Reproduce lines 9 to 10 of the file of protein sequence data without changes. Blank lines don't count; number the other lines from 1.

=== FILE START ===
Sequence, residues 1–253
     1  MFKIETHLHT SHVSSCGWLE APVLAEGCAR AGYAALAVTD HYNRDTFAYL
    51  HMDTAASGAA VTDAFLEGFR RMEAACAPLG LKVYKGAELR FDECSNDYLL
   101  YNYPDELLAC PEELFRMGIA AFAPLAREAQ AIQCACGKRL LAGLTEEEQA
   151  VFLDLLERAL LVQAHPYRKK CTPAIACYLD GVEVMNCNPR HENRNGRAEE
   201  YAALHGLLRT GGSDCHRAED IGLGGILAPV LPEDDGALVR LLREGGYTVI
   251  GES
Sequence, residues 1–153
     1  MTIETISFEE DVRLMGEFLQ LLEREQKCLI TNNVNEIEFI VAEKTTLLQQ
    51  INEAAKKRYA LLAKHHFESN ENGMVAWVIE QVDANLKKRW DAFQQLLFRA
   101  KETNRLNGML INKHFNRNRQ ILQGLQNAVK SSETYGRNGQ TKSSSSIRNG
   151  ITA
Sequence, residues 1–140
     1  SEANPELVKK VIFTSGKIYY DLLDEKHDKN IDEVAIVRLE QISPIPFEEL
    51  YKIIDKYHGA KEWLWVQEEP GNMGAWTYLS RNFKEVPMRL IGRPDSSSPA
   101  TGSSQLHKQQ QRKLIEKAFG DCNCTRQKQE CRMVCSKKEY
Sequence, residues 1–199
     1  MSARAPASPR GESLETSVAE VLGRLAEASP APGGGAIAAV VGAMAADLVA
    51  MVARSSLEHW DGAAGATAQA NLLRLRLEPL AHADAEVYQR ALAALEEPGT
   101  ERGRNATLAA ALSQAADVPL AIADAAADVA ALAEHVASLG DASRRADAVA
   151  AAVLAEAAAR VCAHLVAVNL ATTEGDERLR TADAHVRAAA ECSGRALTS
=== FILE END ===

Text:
     1  MTIETISFEE DVRLMGEFLQ LLEREQKCLI TNNVNEIEFI VAEKTTLLQQ
    51  INEAAKKRYA LLAKHHFESN ENGMVAWVIE QVDANLKKRW DAFQQLLFRA